Melanie and I were recently perusing the movie selection at a nearby Redbox in Sandy, Utah, a suburb of Salt Lake City. We noticed that if you tried to put an R-rated movie in your “cart,” you were presented with the following message:
The notice seems friendly enough, but Melanie and I don’t recall ever seeing such a message when renting from Redbox in Florida. We find this rather amusing. Now, perhaps it’s simply that Utah has many more children per capita, and so Redbox is being extra cautious by trying not to rent to those who are technically below the recommended viewing age. (For the record, it’s not a law that persons under 17 cannot see R-rated movies, even without an adult. The MPAA ratings system is voluntary, and theaters and movie rental companies typically adhere to the recommendations as a matter of policy. But it’s not a legal matter.) However, I suspect that the age confirmation feature found at Utah Redbox kiosks is meant primarily to warn customers that they have added an R-rated movie to their cart, something that many Utah customers would hope to avoid. In other words, I take the age confirmation message to be Redbox’s thinly veiled way of saying, “Heads up! That’s an R-rated movie you just selected! Just warning you, in case you didn’t realize it!”
Of course, if Redbox has bothered to add this message especially to Utah kiosks, they must feel it is necessary. But why would that be? Can’t customers see that a movie is rated R before putting in their carts? Well, yes. But if enough customers have inadvertently rented R-rated movies in the past and then complained about it to Redbox, Redbox may deem it worth their time, money, and effort to update their kiosks to make them more Utah-friendly. I know, I know, this is something of a conspiracy theory on my part. But if there is any truth to my speculations, I have to roll my eyes. It’s ludicrous how much handholding companies are required to do of their customers. If you put an R-rated movie in your cart, that’s your problem. If you’re lucky enough to notice ahead of time and don’t want to watch it, don’t. But if you do watch it and then wish you hadn’t, don’t complain to Redbox. That’s like shooting the messenger, when really you should be shooting not even the message-sender, but yourself! Stomp your feet. Bite your pillow. Holler, “Gosh darn it!” But don’t waste the time of a Redbox customer service representative because you made a mistake. I can just imagine how these phone calls must go. “I didn’t know it was rated R! I don’t watch R-rated movies! I’m not going to pay for it!” “My kids saw something they shouldn’t have! I didn’t realize I was turning on an R-rated movie! What are you going to do about it, Redbox?” Lame.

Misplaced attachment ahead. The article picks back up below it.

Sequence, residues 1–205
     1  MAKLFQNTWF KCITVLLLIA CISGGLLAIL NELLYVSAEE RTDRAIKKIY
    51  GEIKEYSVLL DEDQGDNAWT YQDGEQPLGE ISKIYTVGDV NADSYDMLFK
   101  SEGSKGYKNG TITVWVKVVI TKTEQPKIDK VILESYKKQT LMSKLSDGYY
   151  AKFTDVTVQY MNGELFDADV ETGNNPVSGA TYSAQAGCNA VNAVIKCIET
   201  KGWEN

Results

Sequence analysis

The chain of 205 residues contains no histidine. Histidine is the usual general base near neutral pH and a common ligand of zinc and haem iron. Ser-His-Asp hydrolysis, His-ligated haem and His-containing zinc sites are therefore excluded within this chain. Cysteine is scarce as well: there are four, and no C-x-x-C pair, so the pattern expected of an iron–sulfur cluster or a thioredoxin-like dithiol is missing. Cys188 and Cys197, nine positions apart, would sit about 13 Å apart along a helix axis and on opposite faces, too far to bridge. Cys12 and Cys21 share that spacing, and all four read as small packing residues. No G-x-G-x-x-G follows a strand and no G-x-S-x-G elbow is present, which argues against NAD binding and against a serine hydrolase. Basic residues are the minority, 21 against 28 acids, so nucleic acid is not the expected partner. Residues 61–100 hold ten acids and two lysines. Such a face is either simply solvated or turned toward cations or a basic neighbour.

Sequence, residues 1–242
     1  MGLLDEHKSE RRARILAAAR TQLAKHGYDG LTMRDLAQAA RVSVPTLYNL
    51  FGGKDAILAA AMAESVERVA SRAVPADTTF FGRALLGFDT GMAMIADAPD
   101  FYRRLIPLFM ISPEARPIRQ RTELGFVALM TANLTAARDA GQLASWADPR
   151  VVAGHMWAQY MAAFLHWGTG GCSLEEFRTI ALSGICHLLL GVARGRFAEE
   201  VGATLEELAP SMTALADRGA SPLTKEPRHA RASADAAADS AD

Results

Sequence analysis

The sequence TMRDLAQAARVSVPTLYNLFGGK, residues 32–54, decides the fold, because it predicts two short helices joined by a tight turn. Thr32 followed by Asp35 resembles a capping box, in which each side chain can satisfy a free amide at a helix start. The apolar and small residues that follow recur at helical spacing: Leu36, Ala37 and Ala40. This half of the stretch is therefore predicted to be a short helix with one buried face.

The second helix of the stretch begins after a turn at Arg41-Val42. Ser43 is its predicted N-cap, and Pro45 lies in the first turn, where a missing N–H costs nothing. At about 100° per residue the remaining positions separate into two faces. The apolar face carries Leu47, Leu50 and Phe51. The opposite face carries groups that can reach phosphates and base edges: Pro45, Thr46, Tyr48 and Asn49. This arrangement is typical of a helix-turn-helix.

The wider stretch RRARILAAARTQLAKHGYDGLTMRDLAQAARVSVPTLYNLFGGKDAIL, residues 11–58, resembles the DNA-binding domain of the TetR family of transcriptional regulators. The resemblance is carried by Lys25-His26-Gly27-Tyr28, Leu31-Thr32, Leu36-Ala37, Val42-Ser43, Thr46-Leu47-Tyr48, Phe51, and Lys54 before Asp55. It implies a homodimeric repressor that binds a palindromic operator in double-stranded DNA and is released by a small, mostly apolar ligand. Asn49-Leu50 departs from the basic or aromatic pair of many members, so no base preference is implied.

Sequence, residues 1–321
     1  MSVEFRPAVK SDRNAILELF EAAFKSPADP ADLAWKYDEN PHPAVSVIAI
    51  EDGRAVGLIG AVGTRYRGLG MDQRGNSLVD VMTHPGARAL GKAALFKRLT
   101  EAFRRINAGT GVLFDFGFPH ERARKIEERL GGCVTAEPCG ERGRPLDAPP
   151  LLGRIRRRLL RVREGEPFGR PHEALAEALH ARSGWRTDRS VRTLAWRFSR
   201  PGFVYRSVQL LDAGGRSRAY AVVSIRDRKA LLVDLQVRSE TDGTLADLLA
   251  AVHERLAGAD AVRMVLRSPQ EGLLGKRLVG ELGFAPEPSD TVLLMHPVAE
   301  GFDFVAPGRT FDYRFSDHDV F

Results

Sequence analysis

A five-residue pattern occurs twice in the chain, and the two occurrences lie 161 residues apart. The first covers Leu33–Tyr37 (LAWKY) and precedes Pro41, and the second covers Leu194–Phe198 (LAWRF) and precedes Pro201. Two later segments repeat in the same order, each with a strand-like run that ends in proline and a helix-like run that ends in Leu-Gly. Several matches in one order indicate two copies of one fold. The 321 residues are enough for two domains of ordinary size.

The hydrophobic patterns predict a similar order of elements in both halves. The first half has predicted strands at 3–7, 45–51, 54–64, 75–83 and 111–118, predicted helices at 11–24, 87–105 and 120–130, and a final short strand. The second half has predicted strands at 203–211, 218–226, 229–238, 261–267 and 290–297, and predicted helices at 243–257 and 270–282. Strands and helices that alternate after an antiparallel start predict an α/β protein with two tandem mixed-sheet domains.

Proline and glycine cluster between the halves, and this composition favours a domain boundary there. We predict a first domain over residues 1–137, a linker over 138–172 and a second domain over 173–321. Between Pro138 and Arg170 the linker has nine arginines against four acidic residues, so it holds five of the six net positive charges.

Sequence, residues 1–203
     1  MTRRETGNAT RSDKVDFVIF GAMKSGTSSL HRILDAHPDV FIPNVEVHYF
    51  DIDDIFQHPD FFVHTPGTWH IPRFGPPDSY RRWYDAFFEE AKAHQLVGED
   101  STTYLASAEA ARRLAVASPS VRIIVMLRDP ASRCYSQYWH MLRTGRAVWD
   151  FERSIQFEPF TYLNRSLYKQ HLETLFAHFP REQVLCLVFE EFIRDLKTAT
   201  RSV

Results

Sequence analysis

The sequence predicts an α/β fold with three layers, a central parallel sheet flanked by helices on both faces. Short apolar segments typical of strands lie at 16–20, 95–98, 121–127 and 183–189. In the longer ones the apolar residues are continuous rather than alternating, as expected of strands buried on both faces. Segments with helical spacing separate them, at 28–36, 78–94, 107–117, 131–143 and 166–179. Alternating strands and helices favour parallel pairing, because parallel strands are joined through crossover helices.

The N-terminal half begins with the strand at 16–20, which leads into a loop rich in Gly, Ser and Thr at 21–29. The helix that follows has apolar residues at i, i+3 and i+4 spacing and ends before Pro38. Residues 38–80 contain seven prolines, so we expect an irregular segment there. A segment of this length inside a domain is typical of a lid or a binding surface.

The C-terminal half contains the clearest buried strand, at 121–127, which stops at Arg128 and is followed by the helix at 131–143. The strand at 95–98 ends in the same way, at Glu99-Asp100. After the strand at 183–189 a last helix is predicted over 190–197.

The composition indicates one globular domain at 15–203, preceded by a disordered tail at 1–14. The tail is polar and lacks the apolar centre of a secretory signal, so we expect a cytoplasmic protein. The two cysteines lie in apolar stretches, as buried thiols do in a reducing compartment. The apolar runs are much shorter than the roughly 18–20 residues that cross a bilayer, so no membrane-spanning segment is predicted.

Well, if that weren’t bad enough, Melanie and I recently went down to Utah county, which even by Utah standards is unbelievably Utah-ish. Movie rentals down there are even more extreme, with Redbox not at all pretending that Utah county residents are anything but strict Mormons who avoid R-rated movies as a matter of religious faith. Check out the warnings that appear onscreen as you try to rent an R-rated film at a Provo kiosk (you may need to click each picture in order to better read the messages):